About two dozen people showed up Wednesday in front of the St. Louis County Courthouse to demonstrate against County Prosecutor Robert McCulloch, who is preparing to present evidence in the case to a grand jury.
"This means something to me so I had to be here," says demonstrator Lamont Farr, a home health care worker. "We want Bob McCulloch off this case, that's what we're here for today."
When McCulloch was 12, his father, a police officer, was killed in the line of duty. McCulloch is white. The man who shot his father was black. That history worries many in the community about the prosecutor's objectivity.
"We're fighting for justices across the world, but we don't even have justices at home," Farr says.
McCulloch says his father's death decades ago won't affect his judgement, and Missouri Gov. Jay Nixon said in a statement Tuesday he isn't asking the prosecutor to step aside.
The U.S. Department of Justice is also investigating whether Brown's civil rights were violated. FBI agents have now reportedly conducted more than 200 interviews. But the answers, and potential charges so many are demanding, won't come quickly.
"You're looking [at] at least months. And it's not impossible in some civil rights investigations that they take years," says former U.S. Attorney Paul Coggins, who worked with Attorney General Eric Holder in the Clinton administration.
"If you're looking for answers, those answers may be a long time in coming, in part because of the rules the guidelines for the Department of Justice," Coggins says. "They're allowed to tell the community 'We're on the job, we're making progress,' things like that, but they're not allowed to share the specific evidence until an indictment comes down."
But Coggins says federal involvement could help quell distrust of the county's handling of the case. He says he has seen it before.
"Sometimes it's very difficult for a DA or a county attorney to convince a community that he or she can be objective where the police are concerned," he says. "The Civil Rights Division prosecutes police officers all the time. That's what they do."
In Ferguson, on Canfield Drive, the site where police officer Darren Wilson shot Brown, Cori Bush, a pastor, shows up daily.
"I'll be out here as long as this is going on," she says.
In the middle of the road, visitors add flowers, baseball caps and stuffed bears to an ever-expanding makeshift memorial for Brown. Bush comes out to pass out food during the day and demonstrates at night.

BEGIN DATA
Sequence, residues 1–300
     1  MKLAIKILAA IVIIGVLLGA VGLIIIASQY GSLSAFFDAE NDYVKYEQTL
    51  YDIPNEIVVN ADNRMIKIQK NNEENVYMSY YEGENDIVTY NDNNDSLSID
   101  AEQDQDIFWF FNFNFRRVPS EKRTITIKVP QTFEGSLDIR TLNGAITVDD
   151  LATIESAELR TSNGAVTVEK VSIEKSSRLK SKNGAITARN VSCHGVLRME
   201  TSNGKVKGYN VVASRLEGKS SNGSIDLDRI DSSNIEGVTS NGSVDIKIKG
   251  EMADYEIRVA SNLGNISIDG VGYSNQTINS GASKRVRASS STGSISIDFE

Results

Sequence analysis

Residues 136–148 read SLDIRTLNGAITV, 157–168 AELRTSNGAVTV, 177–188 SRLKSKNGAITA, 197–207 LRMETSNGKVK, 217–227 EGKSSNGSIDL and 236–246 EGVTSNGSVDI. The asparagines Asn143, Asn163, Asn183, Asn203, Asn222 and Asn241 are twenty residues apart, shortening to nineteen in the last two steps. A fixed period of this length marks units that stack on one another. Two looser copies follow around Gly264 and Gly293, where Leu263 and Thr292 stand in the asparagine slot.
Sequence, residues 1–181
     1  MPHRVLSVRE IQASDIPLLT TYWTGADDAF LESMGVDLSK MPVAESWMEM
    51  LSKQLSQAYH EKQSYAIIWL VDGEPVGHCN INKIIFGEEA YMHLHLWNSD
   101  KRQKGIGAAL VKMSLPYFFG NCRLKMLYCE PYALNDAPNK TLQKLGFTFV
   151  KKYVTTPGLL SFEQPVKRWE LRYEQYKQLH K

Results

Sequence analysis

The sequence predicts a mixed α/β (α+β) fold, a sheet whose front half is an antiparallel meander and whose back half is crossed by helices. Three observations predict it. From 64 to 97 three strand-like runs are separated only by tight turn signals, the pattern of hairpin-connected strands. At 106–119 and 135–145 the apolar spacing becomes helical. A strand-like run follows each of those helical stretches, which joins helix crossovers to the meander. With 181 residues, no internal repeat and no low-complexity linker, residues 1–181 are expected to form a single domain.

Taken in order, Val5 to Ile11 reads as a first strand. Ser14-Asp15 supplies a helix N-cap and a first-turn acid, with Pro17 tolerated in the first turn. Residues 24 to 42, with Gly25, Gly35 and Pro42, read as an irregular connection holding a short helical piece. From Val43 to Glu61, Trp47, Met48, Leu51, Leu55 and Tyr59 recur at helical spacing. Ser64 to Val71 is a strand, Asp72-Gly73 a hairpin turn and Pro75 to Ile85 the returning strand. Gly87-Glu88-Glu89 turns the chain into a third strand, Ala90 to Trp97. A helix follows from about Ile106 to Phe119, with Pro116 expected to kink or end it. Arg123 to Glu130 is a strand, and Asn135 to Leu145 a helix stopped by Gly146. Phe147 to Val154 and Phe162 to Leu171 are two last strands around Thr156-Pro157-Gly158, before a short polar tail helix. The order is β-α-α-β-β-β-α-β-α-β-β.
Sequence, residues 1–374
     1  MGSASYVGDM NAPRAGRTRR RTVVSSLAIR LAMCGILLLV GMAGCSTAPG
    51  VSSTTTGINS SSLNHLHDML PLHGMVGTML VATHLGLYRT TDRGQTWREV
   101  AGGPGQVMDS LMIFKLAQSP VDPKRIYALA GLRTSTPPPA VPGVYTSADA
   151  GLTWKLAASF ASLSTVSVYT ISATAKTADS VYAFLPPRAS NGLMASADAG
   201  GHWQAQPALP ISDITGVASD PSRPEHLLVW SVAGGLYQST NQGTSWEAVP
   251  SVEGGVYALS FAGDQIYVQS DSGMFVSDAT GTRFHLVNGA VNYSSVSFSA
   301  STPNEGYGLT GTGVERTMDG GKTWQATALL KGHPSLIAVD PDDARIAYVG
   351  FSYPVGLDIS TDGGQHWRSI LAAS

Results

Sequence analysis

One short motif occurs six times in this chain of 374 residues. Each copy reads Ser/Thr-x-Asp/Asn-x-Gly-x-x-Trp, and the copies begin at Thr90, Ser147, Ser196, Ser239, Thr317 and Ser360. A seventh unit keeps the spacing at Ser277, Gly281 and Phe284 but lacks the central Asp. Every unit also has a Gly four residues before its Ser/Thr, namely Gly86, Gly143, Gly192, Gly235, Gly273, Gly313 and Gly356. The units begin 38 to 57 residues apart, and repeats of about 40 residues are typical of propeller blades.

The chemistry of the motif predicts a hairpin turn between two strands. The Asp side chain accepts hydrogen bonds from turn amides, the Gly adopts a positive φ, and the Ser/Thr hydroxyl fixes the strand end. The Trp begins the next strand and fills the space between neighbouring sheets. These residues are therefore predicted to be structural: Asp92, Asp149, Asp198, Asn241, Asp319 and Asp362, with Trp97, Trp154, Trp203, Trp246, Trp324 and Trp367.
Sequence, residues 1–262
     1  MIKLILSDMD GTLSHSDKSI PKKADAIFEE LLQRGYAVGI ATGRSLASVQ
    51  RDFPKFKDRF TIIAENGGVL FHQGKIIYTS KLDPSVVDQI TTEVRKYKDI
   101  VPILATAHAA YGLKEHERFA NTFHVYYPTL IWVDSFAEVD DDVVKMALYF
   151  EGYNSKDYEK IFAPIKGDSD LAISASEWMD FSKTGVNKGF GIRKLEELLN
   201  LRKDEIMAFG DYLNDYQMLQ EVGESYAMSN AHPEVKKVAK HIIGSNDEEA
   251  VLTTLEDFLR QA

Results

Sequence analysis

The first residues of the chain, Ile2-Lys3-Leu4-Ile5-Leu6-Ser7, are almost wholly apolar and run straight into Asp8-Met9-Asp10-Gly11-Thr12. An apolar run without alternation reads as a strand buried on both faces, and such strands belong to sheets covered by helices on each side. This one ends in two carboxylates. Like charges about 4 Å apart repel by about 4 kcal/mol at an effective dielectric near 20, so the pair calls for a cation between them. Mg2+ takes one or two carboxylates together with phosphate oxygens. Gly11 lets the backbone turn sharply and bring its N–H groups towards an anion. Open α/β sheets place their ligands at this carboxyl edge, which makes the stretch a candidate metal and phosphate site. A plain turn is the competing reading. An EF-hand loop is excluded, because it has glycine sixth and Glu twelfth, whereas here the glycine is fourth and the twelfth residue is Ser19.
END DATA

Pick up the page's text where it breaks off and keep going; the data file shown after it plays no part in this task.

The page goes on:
"It's in shifts," Bush says. "So whatever is the shift is."
She knows the big crowds will eventually dwindle, but Bush is from here. She has no plans to stop participating.
"This can go on until the verdict comes down," she says. "We gotta get the indictment first, and then the verdict, so, it may be a while."
As the legal process plays out, a neighborhood already so torn by unrest and uncertainty has no choice but to wait.
SeaWorld has decided not to appeal a court ruling that prohibits its trainers from performing with killer whales, the Orlando Sentinel reports, citing a filing with the Securities and Exchange Commission.
The legal battle has lasted for years, beginning with the death of trainer Dawn Brancheau by an orca named Tilikum in 2010.
As we reported after the incident, the Occupational Safety and Health Administration fined SeaWorld $75,000 and kept trainers from performing alongside the killer whales. At the time, SeaWorld contested OSHA's conclusion.
This past April, a U.S. Court of Appeals in Washington, D.C., upheld that citation.
SeaWorld has taken a lot of heat for its use of the whales for entertainment, particularly after the 2013 documentary Blackfish, which featured Tilikum.
Since Brancheau's death in 2010, SeaWorld has taken steps to improve safety for trainers. As NBC 6 in South Florida reports, it "has implemented new safety protocols and equipment for trainers, including an investment of $70 million in lifting floors in the pools that could quickly isolate whales."
SeaWorld announced Aug. 15 that it would be creating bigger "living spaces" for the whales, the first of which will be at SeaWorld San Diego and is scheduled to open in 2018. The facility will be "nearly double" that of the existing one, with 10 million gallons of water — 50 feet deep and more than 350 feet long. It also said it would be investing $10 million for research on killer whales in the wild.
The animal-rights group PETA denounced the move to build "bigger concrete boxes," and its director of animal law said it was a "desperate drop-in-the-bucket move to try to turn back the hands of time."
While trainers won't be part of the show any longer, they will still be training with the whales to get them acclimated to humans, the Orlando Sentinel reports.
"The idea is that if someone were to fall or jump in the water, it wouldn't alarm or excite the whale and cause it to act aggressively," the paper says.